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Physical, chemical and biological processes in Lake Vostok and other Antarctic subglacial lakes

Abstract

Over 70 lakes have now been identified beneath the Antarctic ice sheet. Although water from none of the lakes has been sampled directly, analysis of lake ice frozen (accreted) to the underside of the ice sheet above Lake Vostok, the largest of these lakes, has allowed inferences to be made on lake water chemistry and has revealed small quantities of microbes. These findings suggest that Lake Vostok is an extreme, yet viable, environment for life. All subglacial lakes are subject to high pressure (350 atmospheres), low temperatures (about -3 °C) and permanent darkness. Any microbes present must therefore use chemical sources to power biological processes. Importantly, dissolved oxygen is available at least at the lake surface, from equilibration with air hydrates released from melting basal glacier ice. Microbes found in Lake Vostok's accreted ice are relatively modern, but the probability of ancient lake-floor sediments leads to a possibility of a very old biota at the base of subglacial lakes.

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Figure 1: The technique of airborne radio-echo sounding, and its application to identifying Lake Vostok and other subglacial lakes.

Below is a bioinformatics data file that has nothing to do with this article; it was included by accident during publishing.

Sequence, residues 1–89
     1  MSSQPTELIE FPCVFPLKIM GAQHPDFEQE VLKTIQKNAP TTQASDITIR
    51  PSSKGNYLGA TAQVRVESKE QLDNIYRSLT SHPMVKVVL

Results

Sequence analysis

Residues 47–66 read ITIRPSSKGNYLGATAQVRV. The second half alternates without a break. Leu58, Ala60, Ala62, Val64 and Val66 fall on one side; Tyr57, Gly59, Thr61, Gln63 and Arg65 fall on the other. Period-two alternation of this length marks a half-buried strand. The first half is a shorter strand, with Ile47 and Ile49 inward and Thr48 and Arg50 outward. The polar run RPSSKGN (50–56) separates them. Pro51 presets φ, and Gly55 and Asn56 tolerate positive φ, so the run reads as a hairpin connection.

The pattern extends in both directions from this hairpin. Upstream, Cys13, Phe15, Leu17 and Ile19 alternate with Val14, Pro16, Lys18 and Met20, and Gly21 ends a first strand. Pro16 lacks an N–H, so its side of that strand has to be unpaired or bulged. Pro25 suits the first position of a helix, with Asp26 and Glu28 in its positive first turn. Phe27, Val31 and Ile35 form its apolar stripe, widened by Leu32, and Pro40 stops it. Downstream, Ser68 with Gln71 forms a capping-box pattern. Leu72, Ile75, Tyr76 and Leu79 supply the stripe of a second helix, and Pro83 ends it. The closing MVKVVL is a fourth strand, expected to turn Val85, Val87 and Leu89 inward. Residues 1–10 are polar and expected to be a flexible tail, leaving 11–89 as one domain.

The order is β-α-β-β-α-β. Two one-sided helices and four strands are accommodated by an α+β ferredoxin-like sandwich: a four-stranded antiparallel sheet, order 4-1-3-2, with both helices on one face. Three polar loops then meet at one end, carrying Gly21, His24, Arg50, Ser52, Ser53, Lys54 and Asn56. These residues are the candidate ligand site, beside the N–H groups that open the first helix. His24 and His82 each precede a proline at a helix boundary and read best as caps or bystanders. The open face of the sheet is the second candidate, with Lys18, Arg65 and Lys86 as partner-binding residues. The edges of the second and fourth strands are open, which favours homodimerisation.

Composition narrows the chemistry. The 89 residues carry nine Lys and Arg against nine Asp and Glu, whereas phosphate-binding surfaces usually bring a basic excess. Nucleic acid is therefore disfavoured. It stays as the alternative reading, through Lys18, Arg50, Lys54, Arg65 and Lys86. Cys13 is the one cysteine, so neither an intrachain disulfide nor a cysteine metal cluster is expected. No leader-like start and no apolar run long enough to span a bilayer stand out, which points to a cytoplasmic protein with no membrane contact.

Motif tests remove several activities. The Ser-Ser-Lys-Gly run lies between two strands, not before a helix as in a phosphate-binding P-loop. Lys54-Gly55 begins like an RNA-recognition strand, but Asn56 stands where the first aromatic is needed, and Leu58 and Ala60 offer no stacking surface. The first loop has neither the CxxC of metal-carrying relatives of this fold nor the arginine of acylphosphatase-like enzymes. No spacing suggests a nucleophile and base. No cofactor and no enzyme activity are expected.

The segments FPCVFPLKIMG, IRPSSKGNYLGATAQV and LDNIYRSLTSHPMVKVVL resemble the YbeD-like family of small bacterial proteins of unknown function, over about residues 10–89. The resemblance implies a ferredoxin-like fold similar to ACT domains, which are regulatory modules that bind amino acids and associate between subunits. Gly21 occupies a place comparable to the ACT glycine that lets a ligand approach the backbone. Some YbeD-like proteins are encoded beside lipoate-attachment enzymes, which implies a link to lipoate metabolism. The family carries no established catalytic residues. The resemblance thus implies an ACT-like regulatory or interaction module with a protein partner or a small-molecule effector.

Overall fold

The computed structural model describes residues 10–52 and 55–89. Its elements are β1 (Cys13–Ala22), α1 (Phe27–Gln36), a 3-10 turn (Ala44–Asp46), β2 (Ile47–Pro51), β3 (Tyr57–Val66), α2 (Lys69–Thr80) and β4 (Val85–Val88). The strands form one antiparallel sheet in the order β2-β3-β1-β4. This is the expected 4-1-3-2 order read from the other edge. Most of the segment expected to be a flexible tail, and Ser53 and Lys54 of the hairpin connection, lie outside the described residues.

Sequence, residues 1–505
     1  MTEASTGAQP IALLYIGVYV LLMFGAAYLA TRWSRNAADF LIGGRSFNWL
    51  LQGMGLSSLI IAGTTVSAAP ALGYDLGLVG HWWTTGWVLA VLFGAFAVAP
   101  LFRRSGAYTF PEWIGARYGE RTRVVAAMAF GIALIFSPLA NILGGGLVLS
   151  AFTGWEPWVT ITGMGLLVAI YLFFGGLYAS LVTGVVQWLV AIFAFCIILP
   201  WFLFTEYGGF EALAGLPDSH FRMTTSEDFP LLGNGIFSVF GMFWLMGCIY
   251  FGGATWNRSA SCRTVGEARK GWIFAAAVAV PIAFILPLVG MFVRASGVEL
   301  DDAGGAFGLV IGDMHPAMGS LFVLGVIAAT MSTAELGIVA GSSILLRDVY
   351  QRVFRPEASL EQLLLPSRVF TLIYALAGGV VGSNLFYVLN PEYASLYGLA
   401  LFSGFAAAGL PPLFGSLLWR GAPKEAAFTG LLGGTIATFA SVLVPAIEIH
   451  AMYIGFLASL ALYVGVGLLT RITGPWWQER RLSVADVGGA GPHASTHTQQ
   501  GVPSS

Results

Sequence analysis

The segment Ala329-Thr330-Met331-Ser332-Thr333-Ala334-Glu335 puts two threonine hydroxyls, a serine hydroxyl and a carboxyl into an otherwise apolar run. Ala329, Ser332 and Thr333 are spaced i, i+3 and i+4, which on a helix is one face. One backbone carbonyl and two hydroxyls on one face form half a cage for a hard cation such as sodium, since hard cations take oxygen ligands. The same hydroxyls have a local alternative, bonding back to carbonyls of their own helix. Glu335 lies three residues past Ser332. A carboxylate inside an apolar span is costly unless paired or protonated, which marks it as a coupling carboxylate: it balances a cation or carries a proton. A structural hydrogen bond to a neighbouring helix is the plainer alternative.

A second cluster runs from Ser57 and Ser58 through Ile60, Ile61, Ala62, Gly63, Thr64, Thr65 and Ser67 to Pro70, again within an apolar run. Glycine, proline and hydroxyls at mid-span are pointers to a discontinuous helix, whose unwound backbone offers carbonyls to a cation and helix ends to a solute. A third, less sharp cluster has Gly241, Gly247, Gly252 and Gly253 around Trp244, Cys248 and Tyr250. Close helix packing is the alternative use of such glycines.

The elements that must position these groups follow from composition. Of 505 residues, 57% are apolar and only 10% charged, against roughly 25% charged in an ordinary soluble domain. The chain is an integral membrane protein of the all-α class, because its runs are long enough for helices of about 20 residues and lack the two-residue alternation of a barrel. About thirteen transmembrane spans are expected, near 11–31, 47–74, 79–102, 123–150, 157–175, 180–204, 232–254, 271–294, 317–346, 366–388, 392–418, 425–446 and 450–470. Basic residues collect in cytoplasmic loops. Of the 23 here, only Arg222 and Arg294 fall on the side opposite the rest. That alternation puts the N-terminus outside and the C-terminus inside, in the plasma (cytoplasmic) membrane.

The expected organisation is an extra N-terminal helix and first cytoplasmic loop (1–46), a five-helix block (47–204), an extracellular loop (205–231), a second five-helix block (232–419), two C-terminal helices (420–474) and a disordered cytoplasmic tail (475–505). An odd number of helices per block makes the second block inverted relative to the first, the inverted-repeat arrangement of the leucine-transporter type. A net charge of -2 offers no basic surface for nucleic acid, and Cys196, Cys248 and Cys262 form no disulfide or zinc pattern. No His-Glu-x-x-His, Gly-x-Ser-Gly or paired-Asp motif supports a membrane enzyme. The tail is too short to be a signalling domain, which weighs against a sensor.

Figure 2: The dimensions and topographic setting of Lake Vostok.
Figure 3: Ice sheet cross-sections along the line of ice flow from the ice divide, across Lake Vostok, to the Vostok ice core.
Figure 4: Water circulation patterns within Lake Vostok under fresh and saline conditions.
Figure 5: A microscope image of a gas hydrate (or clathrate) structure found in Lake Vostok's accreted ice 3,566 m below the ice-sheet surface, which is 174 m above the lake surface.
Figure 6: Images of bacteria frozen into Lake Vostok's accreted ice6.

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Acknowledgements

Many of the ideas developed in this review were formed during discussions at the International Conference on Antarctic Subglacial Lakes (1999), and two other international workshops: “Lake Vostok Study: Scientific Objectives and Technological Requirements” (1998); and “Lake Vostok: a curiosity or a focus for interdisciplinary study?” (1998). We thank the sponsors and organizers of these meetings (see http://salegos-scar.montana.edu).

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Correspondence to Martin J. Siegert.

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Siegert, M., Ellis-Evans, J., Tranter, M. et al. Physical, chemical and biological processes in Lake Vostok and other Antarctic subglacial lakes. Nature 414, 603–609 (2001). https://doi.org/10.1038/414603a

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